Women are having children after undergoing IVF - despite never having had sex, according to doctors.
Twenty-five young women in the UK, all of whom are hetereosexual and in their twenties, have opted for IVF in the past five years because they feel ready to be a parent, doctors told the Mail on Sunday.
Some who have had the "virgin births" said they made the decision because they were still waiting for the right partner - and a few said they were afraid of sex owing to psychosexual complications.
Whilst some religious groups have said a child should be brought up in a traditional family, one doctor said these single mothers are often more emotionally and financially stable than others who have been left to bring up a child after a relationship breakdown.
Laura Witjens, chief executive of the National Gamete Donation Trust, said society tended to "freak out" when they heard about single women going for motherhood. "These women have a right to choose this path if they want to, but clinics do have a responsibility to consider why they want to do so," she told the Mail
A survey in 2013 claimed that one in every 200 women in the US reported to have become pregnant without having had sexual intercourse.
Of these women, 31% said they had signed a chastity pledge whereby they vow, usually for religious reasons, not to have sex. About 28% of those girls' parents said they rarely talked to them about sex or contraception - compared to only 5% of other women who became pregnant and had had intercourse.
Love and sex news: in pictures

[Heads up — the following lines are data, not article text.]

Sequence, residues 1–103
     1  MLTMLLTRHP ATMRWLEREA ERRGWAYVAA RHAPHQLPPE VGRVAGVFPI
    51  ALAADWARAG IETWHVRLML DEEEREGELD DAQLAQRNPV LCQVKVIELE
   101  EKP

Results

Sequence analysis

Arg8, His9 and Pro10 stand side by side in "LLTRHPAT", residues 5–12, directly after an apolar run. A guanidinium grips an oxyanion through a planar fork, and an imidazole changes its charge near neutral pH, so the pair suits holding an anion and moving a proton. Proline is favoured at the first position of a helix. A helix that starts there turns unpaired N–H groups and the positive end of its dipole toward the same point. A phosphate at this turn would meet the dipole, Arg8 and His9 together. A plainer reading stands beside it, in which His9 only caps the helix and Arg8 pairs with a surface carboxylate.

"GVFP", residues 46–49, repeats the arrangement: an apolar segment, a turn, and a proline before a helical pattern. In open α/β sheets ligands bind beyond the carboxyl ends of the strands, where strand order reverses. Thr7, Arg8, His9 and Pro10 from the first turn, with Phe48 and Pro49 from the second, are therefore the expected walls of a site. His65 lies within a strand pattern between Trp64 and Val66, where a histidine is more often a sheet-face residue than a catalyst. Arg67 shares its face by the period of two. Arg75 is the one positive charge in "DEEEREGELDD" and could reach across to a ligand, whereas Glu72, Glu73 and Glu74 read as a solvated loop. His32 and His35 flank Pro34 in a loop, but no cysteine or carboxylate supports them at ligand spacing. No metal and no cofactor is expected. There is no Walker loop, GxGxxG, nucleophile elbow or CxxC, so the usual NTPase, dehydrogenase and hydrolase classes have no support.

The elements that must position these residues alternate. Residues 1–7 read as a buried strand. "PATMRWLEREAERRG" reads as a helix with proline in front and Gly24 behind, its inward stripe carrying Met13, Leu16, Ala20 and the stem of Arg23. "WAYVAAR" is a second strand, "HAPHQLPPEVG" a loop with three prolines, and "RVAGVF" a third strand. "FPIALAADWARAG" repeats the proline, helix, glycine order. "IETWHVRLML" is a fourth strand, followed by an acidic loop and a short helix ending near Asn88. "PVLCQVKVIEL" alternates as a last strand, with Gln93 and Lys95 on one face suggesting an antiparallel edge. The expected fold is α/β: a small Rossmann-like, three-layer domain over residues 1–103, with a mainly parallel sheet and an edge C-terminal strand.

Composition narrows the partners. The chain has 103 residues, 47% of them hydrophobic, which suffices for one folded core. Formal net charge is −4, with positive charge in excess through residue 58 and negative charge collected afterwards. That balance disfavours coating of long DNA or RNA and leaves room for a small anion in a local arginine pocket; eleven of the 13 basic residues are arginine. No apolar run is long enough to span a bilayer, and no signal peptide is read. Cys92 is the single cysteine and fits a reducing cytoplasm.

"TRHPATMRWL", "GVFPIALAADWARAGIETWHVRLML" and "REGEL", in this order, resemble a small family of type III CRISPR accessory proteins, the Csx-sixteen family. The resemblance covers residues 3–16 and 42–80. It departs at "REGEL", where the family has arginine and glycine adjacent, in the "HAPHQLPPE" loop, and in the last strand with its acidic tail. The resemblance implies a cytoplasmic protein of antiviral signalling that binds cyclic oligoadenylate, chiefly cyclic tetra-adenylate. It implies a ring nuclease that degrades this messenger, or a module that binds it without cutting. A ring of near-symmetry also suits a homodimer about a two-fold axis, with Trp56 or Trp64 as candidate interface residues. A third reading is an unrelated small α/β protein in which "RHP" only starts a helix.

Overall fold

Love and sex news: in pictures
1/10 'Female Viagra' approved
A drug dubbed the ‘female Viagra’ has finally been approved by the US Food and Drug administration but concerns have been raised over the drug’s possible side effects. Flibanserin, produced by Sprout Pharmaceuticals, was approved by the FDA on the third application in five years – after twice failing over concerns regarding possible side-effects.
2/10 Grindr users surveyed on sexual preferences
Grindr users are not that gay, at least according to a new survey. More than 300 users on the gay dating app, contacted by Pink News as part of an informal study, did not identifying as exclusively attracted to men. The study used the Kinsey scale, based on the work of sexologist Alfred Kinsey, which ranges from 0 (exclusively straight) to 6 (exclusively gay) and also allows identification as asexual (X). Pink News found that the average answer was around five, with the most frequent answer being five, followed by six and then four when they contacted users from their office in central London.
3/10 Watching porn does not cause negative attitudes to women
The average porn user may have more egalitarian views towards women than non-users, a contentious new study has suggested. Researchers at Western University in Canada have even argued that many pornography fans might be “useful allies” in women’s struggles for equality in the workplace and in public office. They reported in the Journal of Sex Research that the 23 per cent of people who said they had watched an “X-rated” film during the previous year were no more or less likely to identify as feminists than those who did not watch porn.
4/10 The characteristics of men who pay for sex
Men who pay for sex share similar traits to rapists and sex offenders, according to new research. A study from University of California, Los Angeles (UCLA), claims that men who have sex with female sex workers feel less empathy for them than men who do not buy sex. Part of this reason is due to the fact that they view them as "intrinsically different from other women,” according to the authors.
5/10 How much sex we have (and how much we'd like)